By Andrew Kunambura
Beleaguered national flag carrier, Air Zimbabwe (AirZim), is pleading for a $190 million capital injection from its sole shareholder, government, to fund its revival. Saddled with a debt overhang of over $300 million, the State-run airline has an ambitious plan to acquire several planes, lease some and retire its debts.
According to a 2018-2019 strategic turnaround document exclusively obtained by the Daily News, AirZim intends to procure three Brazilian assembled 50-seater Embraer jetliners, suitable for domestic and short regional routes, on an urgent basis.
This will significantly reduce overheads incurred on domestic routes, where the airline has been operating the B737s, or even the much bigger B767s.
The airline might expend $6 million for the budget planes, at an estimated cost of $2 million each.
The Embraer ERJ family is a series of twin-engine jets produced by Embraer, a Brazilian aerospace company.
Plans are also afoot to enter into a lease deal, in the short-term, for two planes at a cost of $2 million.
In the long run, the plan is to purchase four lager planes, Boeing B777 at a total cost of $56 million and another ERJ145 within the next 12 months.
AirZim has also budgeted $8 million for two cargo planes — Boeing B737-300Fs — at $4 million each and a further $500 000 for a medical rescue fleet; a Bell 206 BIII whose price is set at $350 000 and Mooney M20R Ovation, costing $150 000.
It also hopes to use $13 million to clear its longstanding debt with European Aviation Safety Agency (Easa) to allow it to start servicing the lucrative European routes from which it was barred on safety grounds.
“The immediate (urgent), immediate (up to three months), short-term, medium and long-term requirements will require an injection of working capital resources amounting to $189,2 million in order to ensure rejuvenation of the national airline.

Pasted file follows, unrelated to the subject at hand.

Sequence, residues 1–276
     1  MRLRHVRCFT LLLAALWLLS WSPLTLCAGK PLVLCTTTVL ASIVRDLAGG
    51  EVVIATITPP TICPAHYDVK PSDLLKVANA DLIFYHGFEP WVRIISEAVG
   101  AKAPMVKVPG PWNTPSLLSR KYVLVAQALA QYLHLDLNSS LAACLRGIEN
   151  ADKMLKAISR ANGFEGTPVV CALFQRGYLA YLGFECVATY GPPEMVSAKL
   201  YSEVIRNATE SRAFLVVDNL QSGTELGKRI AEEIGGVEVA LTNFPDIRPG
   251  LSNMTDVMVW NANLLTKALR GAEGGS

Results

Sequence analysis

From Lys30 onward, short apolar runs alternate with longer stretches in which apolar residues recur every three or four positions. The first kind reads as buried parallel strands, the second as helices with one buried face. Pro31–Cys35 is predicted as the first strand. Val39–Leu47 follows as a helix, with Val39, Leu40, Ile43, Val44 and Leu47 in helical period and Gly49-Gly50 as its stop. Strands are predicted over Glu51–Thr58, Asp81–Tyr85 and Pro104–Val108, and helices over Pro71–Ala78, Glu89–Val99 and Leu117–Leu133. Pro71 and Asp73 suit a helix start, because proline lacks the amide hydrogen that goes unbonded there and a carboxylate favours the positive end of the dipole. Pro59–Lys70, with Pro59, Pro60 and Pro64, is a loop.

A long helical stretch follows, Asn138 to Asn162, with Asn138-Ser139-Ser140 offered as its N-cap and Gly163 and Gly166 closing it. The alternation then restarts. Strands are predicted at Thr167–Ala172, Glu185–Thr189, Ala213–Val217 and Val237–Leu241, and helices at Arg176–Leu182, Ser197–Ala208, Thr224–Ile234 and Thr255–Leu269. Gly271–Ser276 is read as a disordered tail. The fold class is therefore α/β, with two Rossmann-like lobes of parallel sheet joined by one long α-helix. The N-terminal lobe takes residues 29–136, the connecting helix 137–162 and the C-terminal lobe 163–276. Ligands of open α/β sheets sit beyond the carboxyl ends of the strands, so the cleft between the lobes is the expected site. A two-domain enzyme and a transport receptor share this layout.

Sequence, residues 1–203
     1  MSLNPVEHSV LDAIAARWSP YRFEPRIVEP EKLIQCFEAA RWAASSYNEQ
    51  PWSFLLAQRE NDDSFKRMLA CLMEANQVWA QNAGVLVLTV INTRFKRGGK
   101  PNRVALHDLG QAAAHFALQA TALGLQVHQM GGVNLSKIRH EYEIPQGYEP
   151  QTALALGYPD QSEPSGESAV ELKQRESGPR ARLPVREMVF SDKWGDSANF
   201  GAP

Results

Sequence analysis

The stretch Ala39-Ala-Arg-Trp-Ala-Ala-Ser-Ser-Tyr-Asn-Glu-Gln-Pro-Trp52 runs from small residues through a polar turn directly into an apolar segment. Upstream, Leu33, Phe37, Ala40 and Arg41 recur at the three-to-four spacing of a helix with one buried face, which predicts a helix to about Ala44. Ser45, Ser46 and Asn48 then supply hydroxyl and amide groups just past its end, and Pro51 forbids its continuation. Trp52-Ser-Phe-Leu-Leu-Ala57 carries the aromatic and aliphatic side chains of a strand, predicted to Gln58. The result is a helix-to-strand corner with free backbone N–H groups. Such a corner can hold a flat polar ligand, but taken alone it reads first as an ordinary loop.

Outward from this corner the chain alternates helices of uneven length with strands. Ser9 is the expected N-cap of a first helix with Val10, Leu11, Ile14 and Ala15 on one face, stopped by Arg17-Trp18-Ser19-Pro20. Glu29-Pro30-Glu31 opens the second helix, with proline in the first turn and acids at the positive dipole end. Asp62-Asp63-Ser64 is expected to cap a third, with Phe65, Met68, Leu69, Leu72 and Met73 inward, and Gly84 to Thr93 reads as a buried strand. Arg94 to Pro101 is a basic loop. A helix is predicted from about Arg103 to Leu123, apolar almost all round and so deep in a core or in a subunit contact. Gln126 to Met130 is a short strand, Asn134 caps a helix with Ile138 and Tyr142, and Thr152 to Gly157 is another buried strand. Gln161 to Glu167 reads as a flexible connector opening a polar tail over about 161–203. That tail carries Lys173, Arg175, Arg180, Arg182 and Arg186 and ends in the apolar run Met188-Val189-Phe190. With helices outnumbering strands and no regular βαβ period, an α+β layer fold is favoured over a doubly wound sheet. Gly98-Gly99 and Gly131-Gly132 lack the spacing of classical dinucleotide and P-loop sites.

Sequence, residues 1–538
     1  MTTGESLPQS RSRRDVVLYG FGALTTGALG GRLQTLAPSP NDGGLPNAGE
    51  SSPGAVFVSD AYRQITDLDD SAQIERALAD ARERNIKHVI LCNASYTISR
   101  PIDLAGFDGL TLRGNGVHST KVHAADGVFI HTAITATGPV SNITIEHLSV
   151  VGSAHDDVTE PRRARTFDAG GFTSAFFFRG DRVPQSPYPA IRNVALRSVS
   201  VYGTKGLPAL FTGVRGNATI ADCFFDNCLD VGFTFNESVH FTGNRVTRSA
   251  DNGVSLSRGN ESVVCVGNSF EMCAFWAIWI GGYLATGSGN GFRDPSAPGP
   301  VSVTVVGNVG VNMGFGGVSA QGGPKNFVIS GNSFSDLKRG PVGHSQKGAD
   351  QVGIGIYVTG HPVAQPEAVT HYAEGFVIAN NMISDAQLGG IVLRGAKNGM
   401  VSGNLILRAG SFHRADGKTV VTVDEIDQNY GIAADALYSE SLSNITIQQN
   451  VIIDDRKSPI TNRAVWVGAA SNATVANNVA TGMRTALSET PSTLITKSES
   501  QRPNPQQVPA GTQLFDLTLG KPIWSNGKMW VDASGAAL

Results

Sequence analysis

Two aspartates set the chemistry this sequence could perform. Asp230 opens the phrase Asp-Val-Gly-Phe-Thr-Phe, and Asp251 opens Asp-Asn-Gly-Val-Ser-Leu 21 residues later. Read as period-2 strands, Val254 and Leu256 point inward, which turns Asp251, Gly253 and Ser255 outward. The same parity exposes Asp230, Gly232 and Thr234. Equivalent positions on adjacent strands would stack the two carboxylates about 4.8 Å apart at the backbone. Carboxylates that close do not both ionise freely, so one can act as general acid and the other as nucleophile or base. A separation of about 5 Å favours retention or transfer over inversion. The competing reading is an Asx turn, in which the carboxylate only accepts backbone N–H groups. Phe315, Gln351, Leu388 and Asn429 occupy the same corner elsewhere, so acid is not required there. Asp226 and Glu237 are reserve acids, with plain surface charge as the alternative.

“A total of $13 million is required immediately to finance the Easa closure of audit findings to enable the airline to resume the European flights, particularly the Harare-London route. The balance of $176,2 million is required in the subsequent period,” the blueprint reads in part.
Some of the money will be used to pay the audit and re-joining fee to the International Air Travel Association.
AirZim was de registered from the global aviation safety organisation registry for failing to comply with regulations in November 2016 and still owes the body $4,6 million.
The airline is also seeking to clear its foreign debt which has ballooned to $26 200 000 over the past few years.
“The total funding requirements are spread over three years and once initial capital is injected, operations revenue will support some of the projects,” the document reads.
In the event that government fails to avail the required funding, AirZim has suggested several other alternative financing options, including seeking private funding; entering into a hire purchase arrangement and arranging a strategic partnership.
Transport and Infrastructural Development minister Joram Gumbo has previously told the Daily News that potential strategic partnerships with other successful airlines such as Air Malaysia, Fly Emirates, Ethiopian Airways and Lufthansa has failed to materialise after they were scared off by the company’s high level of indebtedness.
AirZim contends that if the blueprint is implemented successfully, the airline will return to profitability by the end of the year as it would be able to compete with the regional and global aviation giants.
The document says AirZim has capacity to make a profit of $200 000 by December 2018, gradually rising to $22 million a year by 2020 due to improved load factors.
“Air Zimbabwe is aiming to grow its route network and compete with other established continental and global airlines like Ethiopian Airlines, Kenya Airways, South African Airways, Emirates Airlines and British Airways-ComAir,” the document further reads.
Gumbo confirmed the blueprint saying it had government’s support.
“I am happy to advise the nation that the road map for Air Zimbabwe for the next three years to revive and sustain the viability of the airline is now in place. I have no doubt the board, management and employees are all committed to move this process forward. Government, as the shareholder stands ready to support their efforts. I therefore wish them well in their implementation of this strategic turnaround plan,” said Gumbo.
AirZim board chairperson Chipo Dyanda could not be reached for comment.
However, in her foreword to the blueprint, she said the document was a product of wide consultations.
“In order to ensure the development of a responsive strategic turnaround plan, the process was deliberately consultative, involving a wide range of stakeholders and clients. It emerged clearly from these consultations that although lack of recapitalisation appeared to be the main problem, there were other factors that contributed to the downward spiral of the airline,” she said. DailyNews